In putting forward such a life-affirming, assertive vision of mature womanhood in “There Is a Girl Inside,” Lucille Clifton goes some small way towards redressing the persistent imbalance that King identifies in her book. The speaker of the poem is far from being invisible; indeed, she positively revels in her visibility as a mature woman with the soul and sensibility of a much younger woman. Among other things, the speaker's unabashed celebration of selfhood makes it much more difficult for her to be marginalized and ignored like so many other women of her age group.

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There are many kinds of feminist theories, and there are many ways to apply those theories to Lucille Clifton's poem "There is a girl inside."

When I first had to read this poem in school, I assumed it was about childbirth. The title made me think it was about having a baby. Then something happened: I actually read it.

While this poem isn't about childbirth, you could argue that it's about a different kind of birth: the birth or liberation of a kind of wildness and chaos.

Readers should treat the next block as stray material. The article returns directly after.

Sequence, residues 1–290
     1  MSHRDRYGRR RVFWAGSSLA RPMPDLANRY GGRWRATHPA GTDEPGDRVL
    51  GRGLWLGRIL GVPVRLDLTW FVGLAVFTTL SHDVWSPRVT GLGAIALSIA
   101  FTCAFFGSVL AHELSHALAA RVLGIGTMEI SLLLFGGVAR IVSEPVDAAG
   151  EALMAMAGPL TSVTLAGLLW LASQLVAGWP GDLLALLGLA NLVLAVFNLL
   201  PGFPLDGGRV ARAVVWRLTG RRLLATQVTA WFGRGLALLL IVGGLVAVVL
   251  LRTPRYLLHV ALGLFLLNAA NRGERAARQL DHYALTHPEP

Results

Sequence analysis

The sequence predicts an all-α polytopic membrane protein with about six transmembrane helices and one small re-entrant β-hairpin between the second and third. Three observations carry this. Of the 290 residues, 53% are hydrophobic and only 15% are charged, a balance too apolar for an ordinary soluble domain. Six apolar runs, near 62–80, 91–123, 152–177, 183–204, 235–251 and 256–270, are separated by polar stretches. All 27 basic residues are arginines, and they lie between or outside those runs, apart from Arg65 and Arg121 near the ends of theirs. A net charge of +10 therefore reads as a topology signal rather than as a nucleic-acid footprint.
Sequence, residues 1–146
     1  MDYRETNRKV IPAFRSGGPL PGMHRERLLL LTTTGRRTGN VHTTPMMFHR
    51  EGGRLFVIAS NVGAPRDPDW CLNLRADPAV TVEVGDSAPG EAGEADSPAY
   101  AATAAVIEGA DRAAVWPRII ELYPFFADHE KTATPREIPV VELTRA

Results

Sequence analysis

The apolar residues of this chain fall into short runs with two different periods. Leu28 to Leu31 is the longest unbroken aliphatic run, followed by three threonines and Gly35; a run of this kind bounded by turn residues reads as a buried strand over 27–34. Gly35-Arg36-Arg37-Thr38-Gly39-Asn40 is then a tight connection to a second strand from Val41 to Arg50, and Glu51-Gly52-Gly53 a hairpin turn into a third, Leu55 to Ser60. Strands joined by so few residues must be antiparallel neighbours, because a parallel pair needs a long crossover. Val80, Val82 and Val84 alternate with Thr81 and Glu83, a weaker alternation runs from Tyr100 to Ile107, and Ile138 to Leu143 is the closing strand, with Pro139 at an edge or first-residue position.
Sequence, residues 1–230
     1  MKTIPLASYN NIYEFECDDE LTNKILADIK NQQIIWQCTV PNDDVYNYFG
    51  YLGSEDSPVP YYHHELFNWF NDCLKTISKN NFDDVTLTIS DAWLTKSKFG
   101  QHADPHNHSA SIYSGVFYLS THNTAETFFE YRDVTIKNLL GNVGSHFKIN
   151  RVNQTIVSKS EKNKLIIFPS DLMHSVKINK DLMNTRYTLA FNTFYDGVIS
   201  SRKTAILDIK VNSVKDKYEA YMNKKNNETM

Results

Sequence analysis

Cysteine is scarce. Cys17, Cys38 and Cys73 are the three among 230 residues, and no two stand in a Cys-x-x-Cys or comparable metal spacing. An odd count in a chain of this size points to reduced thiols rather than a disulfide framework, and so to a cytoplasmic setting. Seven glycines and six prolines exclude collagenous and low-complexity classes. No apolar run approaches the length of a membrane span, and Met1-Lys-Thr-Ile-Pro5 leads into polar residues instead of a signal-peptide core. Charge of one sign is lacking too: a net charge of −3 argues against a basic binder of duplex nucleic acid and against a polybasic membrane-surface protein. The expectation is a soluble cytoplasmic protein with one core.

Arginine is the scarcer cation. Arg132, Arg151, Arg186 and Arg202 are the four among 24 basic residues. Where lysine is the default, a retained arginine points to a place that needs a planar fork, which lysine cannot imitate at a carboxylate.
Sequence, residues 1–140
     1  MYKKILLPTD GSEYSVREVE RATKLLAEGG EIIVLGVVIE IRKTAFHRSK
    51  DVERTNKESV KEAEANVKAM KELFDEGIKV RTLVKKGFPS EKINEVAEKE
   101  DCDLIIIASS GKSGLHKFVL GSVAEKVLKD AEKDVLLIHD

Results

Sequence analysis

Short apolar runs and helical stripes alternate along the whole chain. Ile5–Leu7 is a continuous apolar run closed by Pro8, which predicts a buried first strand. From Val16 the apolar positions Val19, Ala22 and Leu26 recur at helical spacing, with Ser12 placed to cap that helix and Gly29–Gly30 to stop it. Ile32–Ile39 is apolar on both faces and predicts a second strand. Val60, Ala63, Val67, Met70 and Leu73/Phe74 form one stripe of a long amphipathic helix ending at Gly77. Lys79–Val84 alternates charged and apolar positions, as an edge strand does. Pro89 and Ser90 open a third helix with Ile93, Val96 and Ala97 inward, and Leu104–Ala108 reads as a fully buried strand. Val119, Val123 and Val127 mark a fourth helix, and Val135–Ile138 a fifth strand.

Several feminists advocate that women can embrace their wildness, even though that wildness is sometimes turned against them by misogynists. For instance, Julia Kristeva, a French philosopher, believes women can harness the alleged tumult of the female body and use it to undercut patriarchal ideas. Her theory involves a kind of transformation. She turns a negative sexist trope—that women and their bodies possess a lack of control or organization—into a positive one. Why not use that force to force society to be less parochial and misogynist?

We see similarities to Kristeva when Clifton describes the "girl inside" as "randy as a wolf" and waiting to "break through gray hairs." As with Kristeva, Clifton seems prepared to engage in a kind of benevolent destruction.

To Clifton’s poem, I might also apply Judith Butler's theory that gender is a performance. Butler says that people identify gender based on gestures, looks, and acts. We might think someone is a girl by how they walk, by what they wear, or by what they say. Gender is like a character in a movie, TV show, or play.